Wood Figments combines the artistic talents of Janet and Walt Koertge. Almost three decades ago, they were inspired by the wood turnings of Ed Moulthrop.
Walt, along with master metal sculpturist Bob Dittmer, fashioned a 6,000 pound World War I turret lathe into a wood lathe that could handle six foot wood diameters. Seeing beyond the normal symmetrical wood turnings, Walt found that many of the pieces could be sculpted as well to bring out the beautiful grains and figures of the wood.
So, together Janet and Walt have created their own signature large sculpted wood turnings. The Koertges feel a strong commitment to the woods of the Northwest. They seek out island madrona, cherry and juniper, as well as maple uprooted in the Mount St. Helens volcanic upheaval. These regional hardwoods possess an inherent warmth and beauty further enhanced by fine craftsmanship.
The Koertges create works which show the maximum potential of each piece of wood. Every unique completed work reflects a fluency of form that exemplifies Walt’s instances for the qualities of the material.
In the final stages, Janet’s patient and meticulous command of finishing techniques brings the form to completion. Wood finishing is an art in itself, based on an understanding of how different woods respond best to various finishes. Janet’s experience and talents lie in working with burled and unusual woods. Her hand rubbed finishes are meant to be touched with all senses.
Today, Wood Figments has setup shop in Montana’s beautiful Gallatin Valley to continue their quest to bring fine art to the local area.
Wood Figments has evolved from evening hobby to a full-time passion, with an emphasis on large, unusual shapes. The unique blend of the Koertges’ talents is distinctive and readily recognized. They specialize in furniture, free-standing sculptures and large sculpted bowls. Their work has been represented in woodworking shows and fine galleries in the Pacific Northwest, Oregon and California.
Janet and Walt both graduated university in the early 70s. They met in Colorado in 1973, married in 74. In 1976 they moved to Northern Idaho around Sandpoint, Idaho setting up a homestead on 10 acres of land. During their four years there they had their only child, a son, and met many wonderful neighbors who gave Walt the inspiration to pursue his artistic side. Myles Hougan, David & Peggy Baranski, Jeff & Cathy Detzer, and Frans & Dori Vanderzwan all contributed to the groundwork of Walt’s artistic talent.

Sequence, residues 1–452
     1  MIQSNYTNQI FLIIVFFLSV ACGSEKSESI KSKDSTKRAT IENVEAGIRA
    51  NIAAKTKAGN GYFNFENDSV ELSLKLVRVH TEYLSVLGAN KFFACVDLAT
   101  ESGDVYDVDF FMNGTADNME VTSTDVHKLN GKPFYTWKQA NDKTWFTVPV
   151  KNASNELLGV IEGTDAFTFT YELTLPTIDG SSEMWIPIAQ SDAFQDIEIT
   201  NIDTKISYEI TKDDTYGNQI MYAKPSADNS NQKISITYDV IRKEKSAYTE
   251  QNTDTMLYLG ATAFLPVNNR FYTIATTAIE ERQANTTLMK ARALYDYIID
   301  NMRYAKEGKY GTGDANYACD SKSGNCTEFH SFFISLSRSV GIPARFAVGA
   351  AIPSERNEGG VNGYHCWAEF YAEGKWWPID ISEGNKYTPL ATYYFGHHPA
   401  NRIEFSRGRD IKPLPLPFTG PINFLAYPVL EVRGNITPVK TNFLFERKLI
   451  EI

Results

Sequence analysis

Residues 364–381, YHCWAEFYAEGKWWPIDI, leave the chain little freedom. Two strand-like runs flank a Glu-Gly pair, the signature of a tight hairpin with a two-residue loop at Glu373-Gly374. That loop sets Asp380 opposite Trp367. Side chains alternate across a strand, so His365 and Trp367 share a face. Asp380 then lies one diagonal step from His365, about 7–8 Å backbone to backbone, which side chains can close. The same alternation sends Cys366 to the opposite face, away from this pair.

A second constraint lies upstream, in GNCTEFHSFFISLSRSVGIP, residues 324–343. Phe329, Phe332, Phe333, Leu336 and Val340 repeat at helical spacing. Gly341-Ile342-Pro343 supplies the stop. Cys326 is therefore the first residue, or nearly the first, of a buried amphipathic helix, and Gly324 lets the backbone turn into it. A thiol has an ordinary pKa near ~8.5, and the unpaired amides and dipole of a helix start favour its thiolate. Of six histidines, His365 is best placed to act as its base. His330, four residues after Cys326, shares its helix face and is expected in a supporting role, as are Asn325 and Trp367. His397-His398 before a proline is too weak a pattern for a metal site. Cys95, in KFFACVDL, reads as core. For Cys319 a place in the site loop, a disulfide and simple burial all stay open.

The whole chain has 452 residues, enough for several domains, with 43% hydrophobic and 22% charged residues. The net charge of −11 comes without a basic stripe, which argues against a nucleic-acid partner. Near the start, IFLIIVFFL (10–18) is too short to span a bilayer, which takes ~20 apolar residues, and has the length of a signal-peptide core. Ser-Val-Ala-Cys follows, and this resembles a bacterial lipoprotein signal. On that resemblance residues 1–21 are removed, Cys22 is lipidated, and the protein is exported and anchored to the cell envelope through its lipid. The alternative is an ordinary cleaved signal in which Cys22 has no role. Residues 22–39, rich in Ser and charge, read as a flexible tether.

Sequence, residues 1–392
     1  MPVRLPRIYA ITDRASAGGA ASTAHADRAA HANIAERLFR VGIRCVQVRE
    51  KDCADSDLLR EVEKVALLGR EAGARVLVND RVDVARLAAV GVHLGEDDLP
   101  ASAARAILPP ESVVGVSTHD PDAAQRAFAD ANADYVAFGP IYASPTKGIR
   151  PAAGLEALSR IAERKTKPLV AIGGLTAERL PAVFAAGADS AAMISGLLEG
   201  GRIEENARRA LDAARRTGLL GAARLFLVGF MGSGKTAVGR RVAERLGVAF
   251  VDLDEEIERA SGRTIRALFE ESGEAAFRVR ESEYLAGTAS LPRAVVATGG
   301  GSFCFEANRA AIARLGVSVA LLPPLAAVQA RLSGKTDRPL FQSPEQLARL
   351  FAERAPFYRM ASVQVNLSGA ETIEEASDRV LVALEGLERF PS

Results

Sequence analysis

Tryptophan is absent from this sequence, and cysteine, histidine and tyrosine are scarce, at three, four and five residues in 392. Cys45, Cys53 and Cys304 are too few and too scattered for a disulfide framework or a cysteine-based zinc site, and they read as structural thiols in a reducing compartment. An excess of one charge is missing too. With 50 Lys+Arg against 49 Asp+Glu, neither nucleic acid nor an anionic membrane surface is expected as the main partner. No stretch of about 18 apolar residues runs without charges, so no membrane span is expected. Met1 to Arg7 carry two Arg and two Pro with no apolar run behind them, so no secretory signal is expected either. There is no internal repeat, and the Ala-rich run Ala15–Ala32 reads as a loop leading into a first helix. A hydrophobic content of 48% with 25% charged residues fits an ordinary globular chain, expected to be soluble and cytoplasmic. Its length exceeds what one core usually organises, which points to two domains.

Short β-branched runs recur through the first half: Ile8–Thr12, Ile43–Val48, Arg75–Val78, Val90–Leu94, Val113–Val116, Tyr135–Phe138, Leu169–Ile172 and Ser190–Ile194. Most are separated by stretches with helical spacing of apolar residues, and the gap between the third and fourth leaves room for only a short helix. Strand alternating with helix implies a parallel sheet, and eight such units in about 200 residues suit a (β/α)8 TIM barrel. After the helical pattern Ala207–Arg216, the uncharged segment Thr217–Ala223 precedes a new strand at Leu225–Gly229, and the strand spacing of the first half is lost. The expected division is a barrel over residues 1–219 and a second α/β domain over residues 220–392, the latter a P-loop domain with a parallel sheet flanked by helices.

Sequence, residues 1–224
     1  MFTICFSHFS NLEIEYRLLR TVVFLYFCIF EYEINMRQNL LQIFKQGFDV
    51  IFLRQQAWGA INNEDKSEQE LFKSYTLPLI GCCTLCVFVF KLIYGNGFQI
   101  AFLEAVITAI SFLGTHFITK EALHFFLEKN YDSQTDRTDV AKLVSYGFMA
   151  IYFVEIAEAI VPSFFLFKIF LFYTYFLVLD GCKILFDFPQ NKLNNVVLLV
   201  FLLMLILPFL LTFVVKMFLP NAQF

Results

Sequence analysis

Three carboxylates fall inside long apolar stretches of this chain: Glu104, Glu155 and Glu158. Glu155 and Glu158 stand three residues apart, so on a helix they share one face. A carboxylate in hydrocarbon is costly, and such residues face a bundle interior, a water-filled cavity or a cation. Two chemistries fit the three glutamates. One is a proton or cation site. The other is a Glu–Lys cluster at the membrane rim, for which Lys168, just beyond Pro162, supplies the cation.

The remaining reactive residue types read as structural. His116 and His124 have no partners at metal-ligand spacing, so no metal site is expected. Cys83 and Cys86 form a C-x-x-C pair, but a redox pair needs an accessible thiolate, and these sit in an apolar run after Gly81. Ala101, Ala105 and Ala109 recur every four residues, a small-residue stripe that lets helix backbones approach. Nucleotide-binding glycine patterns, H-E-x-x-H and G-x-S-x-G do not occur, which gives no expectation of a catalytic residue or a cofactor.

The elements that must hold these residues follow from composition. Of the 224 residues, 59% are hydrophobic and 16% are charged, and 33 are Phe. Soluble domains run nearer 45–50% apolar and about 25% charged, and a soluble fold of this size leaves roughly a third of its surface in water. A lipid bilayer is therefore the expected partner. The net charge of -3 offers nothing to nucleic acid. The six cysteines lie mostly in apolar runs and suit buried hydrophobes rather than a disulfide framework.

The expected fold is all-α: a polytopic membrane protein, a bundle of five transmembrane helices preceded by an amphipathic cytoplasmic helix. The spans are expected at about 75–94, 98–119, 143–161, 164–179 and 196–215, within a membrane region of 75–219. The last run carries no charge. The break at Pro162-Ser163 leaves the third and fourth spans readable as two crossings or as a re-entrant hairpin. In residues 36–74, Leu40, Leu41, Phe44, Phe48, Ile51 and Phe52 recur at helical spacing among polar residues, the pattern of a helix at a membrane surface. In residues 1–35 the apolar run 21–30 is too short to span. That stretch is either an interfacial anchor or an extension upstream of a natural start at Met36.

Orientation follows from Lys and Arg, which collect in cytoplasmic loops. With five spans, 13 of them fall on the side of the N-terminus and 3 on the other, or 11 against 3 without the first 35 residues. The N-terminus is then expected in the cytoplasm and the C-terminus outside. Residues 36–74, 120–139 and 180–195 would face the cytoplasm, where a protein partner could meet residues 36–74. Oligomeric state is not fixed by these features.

Brutal winters in northern Idaho led Walt and Janet to Friday Harbor, WA (San Juan Islands) where they bought a 36 ft Monk cruiser and spent a year living aboard with a 4 year old. In the following 20 years Walt worked for a wonderful family, Otto “Bill” & Ann Zylstra building their dreams – first a main & guest house with car garages for 80 cars, then a personal golf course & surrounding facilities. And, of course, Walt was urged and promoted by the Zylstras to pursue his wood turning passion.
The Koertges were a big part of the art presence on San Juan Island, but after 20 years Walt and Janet packed up everything and placed the shop in storage. They took off in a small RV van to explore the National and State Parks of the Western U.S. for the year of 2001. During this time they also managed to build a completely off-grid house in N.W. Arizona.
As 2002 progressed, they were promoted to pursue their building talents in Maui where they produced the Davidson home in Makena, worked with several homeowners in Wailea, and eventually worked for the Shaws to develop a family compound in north Kihei.
Today they live in Aiken, SC and have opened a new shop in which they will continue to make one-of-a-kind works of art.